Key facts and statistics
Updated January 2018
- Dementia is the second leading cause of death of Australians contributing to 5.4% of all deaths in males and 10.6% of all deaths in females each year
- In 2016 dementia became the leading cause of death among Australian females, surpassing heart disease which has been the leading cause of death for both males and females since the early 20th century. Females account for 64.4% of all dementia related deaths
In 2018, there is an estimated 425,416 Australians living with dementia
- 191,367 (45%) males
- 234,049 (55%) females
- Without a medical breakthrough, the number of people with dementia is expected to increase to 536,164 by 2025 and almost 1,100,890 by 2056
- Currently an estimated 250 people are joining the population with dementia each day. The number of new cases of dementia will increase to 318 people per day by 2025 and more than 650 people by 2056
- Three in 10 people over the age of 85 and almost one in 10 people over 65 have dementia
- In 2018, there is an estimated 26,443 people with younger onset dementia, expected to rise to 29,375 people by 2025 and 42,252 people by 2056
- An average of 36 people died per day where dementia was the underlying cause of death in 2016. Of the 13,126 people that lost their lives, 8,447 were female
The impact of dementia in Australia
- In 2018, dementia is estimated to cost Australia more than $15 billion. By 2025, the total cost of dementia is predicted to increase to more than $18.7 billion in today’s dollars, and by 2056, to more than $36.8 billion
- Dementia is the single greatest cause of disability in older Australians (aged 65 years or older) and the third leading cause of disability burden overall
- People with dementia account for 52% of all residents in residential aged care facilities
- In 2015, the Federal Government provided an additional $200 million for dementia research over five years, significantly boosting funding for Australia’s dementia research sector to more than $60 million per annum
- The Federal Government established the National Health and Medical Research Council’s National Institute of Dementia Research to ensure research in dementia is coordinated, funded and communicated
- One of the pressing issues is to build capacity in the dementia research sector by supporting students and early career dementia researchers. The Dementia Australia Research Foundation, supported by donations from the public, plays a major role in this effort and funds a number of new and early career researchers through scholarships and project grants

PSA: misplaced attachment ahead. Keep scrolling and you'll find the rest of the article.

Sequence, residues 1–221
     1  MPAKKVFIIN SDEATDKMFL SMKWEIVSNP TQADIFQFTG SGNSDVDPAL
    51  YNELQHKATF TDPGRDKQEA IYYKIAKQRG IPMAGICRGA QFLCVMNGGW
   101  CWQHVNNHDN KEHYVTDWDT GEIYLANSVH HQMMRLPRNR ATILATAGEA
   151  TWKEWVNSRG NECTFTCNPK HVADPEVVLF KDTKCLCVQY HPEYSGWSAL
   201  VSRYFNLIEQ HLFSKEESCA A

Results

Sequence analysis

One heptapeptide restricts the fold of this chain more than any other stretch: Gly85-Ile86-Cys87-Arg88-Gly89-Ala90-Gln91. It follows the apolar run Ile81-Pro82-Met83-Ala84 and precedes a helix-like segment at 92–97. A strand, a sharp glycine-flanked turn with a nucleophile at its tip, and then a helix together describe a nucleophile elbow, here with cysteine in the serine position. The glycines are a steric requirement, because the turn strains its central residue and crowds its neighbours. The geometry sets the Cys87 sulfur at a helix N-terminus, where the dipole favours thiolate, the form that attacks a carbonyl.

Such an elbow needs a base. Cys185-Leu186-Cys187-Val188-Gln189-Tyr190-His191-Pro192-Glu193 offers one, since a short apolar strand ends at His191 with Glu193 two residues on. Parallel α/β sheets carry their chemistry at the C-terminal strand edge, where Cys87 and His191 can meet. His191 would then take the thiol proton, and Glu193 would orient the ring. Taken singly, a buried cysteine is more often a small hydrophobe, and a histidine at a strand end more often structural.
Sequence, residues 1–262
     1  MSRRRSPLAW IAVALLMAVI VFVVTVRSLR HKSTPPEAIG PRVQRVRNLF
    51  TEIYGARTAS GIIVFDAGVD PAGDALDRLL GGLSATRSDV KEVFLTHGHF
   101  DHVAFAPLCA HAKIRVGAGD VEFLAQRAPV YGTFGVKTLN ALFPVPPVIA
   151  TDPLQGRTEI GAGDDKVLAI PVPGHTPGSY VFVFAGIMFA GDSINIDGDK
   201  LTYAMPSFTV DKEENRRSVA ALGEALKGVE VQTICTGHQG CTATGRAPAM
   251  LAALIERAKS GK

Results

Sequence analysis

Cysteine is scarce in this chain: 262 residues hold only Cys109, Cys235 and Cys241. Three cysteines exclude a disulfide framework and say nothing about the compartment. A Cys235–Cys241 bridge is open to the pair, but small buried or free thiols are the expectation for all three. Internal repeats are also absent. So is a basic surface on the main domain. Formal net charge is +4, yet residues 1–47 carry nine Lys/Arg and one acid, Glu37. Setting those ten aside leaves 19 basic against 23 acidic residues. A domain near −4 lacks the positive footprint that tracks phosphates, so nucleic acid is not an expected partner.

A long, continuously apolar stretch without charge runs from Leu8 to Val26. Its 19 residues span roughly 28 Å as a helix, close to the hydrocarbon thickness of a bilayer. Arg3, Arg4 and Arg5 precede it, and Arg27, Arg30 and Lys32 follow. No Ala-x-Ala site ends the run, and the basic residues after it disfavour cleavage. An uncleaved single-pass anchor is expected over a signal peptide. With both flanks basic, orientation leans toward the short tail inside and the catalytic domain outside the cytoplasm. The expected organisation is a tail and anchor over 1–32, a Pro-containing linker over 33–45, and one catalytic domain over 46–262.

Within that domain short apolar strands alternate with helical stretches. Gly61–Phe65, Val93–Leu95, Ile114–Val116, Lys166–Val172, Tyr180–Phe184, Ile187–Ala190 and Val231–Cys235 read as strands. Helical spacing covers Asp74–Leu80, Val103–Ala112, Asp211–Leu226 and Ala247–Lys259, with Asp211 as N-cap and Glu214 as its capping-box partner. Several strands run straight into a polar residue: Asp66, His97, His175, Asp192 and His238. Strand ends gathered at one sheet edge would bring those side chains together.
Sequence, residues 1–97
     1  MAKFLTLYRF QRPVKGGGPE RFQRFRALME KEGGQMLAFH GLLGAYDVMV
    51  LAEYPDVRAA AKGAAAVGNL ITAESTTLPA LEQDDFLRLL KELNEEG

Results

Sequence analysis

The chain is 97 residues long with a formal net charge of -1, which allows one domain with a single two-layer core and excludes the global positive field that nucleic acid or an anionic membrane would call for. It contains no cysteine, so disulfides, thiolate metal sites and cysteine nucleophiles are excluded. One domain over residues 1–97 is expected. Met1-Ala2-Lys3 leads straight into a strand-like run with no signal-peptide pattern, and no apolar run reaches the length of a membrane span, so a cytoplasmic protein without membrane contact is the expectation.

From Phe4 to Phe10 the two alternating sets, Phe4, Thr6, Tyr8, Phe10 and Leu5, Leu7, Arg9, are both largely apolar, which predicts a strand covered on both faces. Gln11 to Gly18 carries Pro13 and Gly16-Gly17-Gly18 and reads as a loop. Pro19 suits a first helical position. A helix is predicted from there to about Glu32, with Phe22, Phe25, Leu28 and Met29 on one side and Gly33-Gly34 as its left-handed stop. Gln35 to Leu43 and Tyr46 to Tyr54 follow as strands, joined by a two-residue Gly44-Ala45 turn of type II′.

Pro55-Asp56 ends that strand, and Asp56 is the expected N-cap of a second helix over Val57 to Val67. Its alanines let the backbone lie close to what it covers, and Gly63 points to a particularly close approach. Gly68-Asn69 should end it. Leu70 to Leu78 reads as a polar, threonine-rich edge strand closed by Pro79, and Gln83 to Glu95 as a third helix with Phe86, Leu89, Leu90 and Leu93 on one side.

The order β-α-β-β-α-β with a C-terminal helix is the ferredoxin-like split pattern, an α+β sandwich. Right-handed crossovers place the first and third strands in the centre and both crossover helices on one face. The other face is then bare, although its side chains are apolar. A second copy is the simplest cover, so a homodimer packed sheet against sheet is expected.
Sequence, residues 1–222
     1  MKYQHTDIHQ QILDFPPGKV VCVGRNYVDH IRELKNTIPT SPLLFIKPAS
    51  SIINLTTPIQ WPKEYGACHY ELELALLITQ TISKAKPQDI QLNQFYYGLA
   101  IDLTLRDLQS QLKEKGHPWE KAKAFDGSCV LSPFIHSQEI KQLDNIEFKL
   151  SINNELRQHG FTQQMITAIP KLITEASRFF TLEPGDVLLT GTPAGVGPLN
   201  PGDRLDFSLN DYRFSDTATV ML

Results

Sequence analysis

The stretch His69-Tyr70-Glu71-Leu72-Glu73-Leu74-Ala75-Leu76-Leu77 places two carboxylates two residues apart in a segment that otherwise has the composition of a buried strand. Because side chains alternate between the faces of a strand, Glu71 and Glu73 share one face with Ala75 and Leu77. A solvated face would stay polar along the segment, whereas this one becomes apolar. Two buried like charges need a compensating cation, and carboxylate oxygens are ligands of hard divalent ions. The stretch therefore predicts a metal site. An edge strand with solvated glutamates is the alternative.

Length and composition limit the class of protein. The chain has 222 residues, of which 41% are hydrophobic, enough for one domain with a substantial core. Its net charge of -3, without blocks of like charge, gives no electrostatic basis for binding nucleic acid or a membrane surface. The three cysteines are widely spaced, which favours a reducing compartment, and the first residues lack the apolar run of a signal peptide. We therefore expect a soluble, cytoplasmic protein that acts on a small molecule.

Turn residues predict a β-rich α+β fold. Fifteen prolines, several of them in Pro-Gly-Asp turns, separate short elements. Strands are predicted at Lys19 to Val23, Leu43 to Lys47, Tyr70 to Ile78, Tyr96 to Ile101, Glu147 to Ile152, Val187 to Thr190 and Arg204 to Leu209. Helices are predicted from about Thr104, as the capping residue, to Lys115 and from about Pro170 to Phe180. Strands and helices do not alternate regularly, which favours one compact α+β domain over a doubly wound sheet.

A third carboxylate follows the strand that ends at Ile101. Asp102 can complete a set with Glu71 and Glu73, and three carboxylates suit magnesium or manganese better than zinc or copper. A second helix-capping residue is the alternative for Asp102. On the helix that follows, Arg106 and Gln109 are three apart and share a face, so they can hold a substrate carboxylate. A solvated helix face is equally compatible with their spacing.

- Dementia affects almost 50 million people worldwide, which is predicted to increase to 131.5 million people by 2050
- Every three seconds someone in the world develops dementia
- Two out of three people globally believe there is little or no understanding of dementia in their countries
- The total estimated worldwide costs of dementia were US$818 billion in 2015
- If dementia were a country, it would be the world’s 18th largest economy
What is dementia?
Dementia is the term used to describe the symptoms of a large group of illnesses which cause a progressive decline in a person’s functioning. It is a broad term used to describe a loss of memory, intellect, rationality, social skills and physical functioning. There are many types of dementia including Alzheimer’s disease, vascular dementia, frontotemporal dementia and Lewy body disease. Dementia can happen to anybody, but it is more common after the age of 65.
Dementia Australia, the new voice of Alzheimer’s Australia, is the national peak body for people, of all ages, living with all forms of dementia, their families and carers. It provides advocacy, support services, education and information.
 Australian Bureau of Statistics (2017) Causes of Death, Australia, 2016 (cat. no. 3303.0)
 The National Centre for Social and Economic Modelling NATSEM (2016) Economic Cost of Dementia in Australia 2016-2056
 Australian Institute of Health and Welfare (2012) Dementia in Australia
 Alzheimer’s Disease International https://www.alz.co.uk/about-dementia
 Alzheimer’s Disease International (2015) World Alzheimer Report 2015: The Global Impact of Dementia - an Analysis of Prevalence, Incidence, Cost and Trends
Downloadable facts and statistics
The key facts and statistics published on this page are also available as a pdf file.
Download the key facts and statistics pdf file - updated January 2018
The economic cost of dementia in Australia 2016-2056
The cited report National Centre for Social and Economic Modelling NATSEM (2016) Economic Cost of Dementia in Australia 2016-2056 is available at www.dementia.org.au/costofdementia.